In less than two weeks I decided to live in Greece for two months. But this was quite spontaneous and, for me, the adventurous decision became one of the most instructive and valuable experiences that have happened to me so far.

My arrival in November in the small village of Polykastro in northern Greece was a bit disappointing. My expectations of skipping the grey winter in Germany in white, airy clothes at the crystal-clear sea turned out to be a naive and nonsensical cliché. It seemed to me that I had landed in the probably coldest and most boring place in Greece. But appearances are deceptive, I quickly settled in and fell in love with the village with the unusual number of pharmacies, tempting bakeries, and the view of the mountains of North Macedonia.

However, my real reason for coming was not to try all the baked goods but to do voluntary service at OCC. The team, which consists of around 20 members from all over the world (including the Czech Republic, Kurdistan, Catalonia, Iraq & Portugal), immediately welcomed me and made me feel at home. I valued my time and the togetherness here so much that I decided on turning the original two months into four.

My everyday life consisted of helping out in the “Community Cafeteria”, a place where, for example, people from the nearby refugee camp can come together to relax and socialize in a safe atmosphere. I also help out in the “bike space” to facilitate mobility and we offer other leisure and sports activities. At one point I taught a computer course with another volunteer, but now I’m responsible for teaching English and, since just recently even German.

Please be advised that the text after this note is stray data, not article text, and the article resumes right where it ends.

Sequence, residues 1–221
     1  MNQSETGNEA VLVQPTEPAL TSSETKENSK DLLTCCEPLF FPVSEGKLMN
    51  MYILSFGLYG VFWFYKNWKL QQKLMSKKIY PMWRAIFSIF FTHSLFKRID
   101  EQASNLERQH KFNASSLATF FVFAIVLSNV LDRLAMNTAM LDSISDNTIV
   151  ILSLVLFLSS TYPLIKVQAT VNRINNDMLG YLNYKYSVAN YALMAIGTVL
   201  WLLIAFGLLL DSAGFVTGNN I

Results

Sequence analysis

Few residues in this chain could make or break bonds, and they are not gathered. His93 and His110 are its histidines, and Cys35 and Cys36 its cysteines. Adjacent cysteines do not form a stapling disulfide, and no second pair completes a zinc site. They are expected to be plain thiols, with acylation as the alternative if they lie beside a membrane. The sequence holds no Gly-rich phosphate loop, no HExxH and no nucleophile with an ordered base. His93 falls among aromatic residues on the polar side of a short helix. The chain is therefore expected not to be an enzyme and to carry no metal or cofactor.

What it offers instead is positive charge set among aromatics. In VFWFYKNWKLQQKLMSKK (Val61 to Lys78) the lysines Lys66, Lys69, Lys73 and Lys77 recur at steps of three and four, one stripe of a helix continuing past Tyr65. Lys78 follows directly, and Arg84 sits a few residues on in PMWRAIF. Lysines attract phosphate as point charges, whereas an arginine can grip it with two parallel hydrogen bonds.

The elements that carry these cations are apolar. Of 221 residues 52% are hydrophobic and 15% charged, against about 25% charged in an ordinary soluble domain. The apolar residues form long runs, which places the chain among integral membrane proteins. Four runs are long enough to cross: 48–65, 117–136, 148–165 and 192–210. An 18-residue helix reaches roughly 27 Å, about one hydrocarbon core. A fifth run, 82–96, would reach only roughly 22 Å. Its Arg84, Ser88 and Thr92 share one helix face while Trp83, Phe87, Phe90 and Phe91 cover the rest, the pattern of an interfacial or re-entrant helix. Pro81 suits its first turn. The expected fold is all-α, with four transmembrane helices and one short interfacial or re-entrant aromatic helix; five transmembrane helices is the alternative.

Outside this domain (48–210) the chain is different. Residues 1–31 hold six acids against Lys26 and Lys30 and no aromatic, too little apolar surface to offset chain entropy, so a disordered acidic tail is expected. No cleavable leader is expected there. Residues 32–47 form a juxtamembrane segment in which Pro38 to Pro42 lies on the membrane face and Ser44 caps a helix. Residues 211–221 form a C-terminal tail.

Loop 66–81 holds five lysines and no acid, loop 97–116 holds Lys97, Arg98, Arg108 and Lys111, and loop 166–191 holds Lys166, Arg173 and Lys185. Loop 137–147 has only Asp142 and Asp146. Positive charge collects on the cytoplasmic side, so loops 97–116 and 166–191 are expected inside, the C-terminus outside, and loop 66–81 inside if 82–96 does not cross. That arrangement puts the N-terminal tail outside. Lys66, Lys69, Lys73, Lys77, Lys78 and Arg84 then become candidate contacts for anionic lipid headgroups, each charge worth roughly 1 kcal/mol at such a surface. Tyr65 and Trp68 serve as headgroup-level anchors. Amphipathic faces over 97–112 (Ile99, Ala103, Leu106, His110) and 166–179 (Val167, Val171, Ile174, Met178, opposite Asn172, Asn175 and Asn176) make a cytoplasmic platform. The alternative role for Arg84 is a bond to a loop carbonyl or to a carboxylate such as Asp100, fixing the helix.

Here I get to feel how prejudiced and ignorant some Europeans are, and how deeply thinking in terms of stereotypes and racism is present, including myself. Many parts of the system seem to be trying to make the often involuntary stay for refugees as cumbersome and nerve-wracking as possible.

For me now it’s not just random people, but friends and colleagues who have been forced to leave their countries and adapt to completely new traditions, customs, and mentalities; ho suffer from the complicated bureaucracy, not having seen their families for years, and are disadvantaged in so many areas. I have learned how incredibly important it is to change perspective and learn about people’s fates and experiences to get a better understanding of their problems and situation, but also to recognize and break prejudices and racist narratives.

In conclusion, I would like to recommend everyone to take advantage of opportunities like this, to educate themselves and help out where they can. Because you not only help others, but also yourself, and as uncomfortable as it may sound at first to break out of your “bubble”, the nicer and more valuable it is to know the beauty and diversity of other cultures and to expand your comfort zone. From my four months here I will take away far more than just a few souvenirs, and I wish everyone to have a similar experience at least once.

This project is funded by the European Union through Eramsus+.

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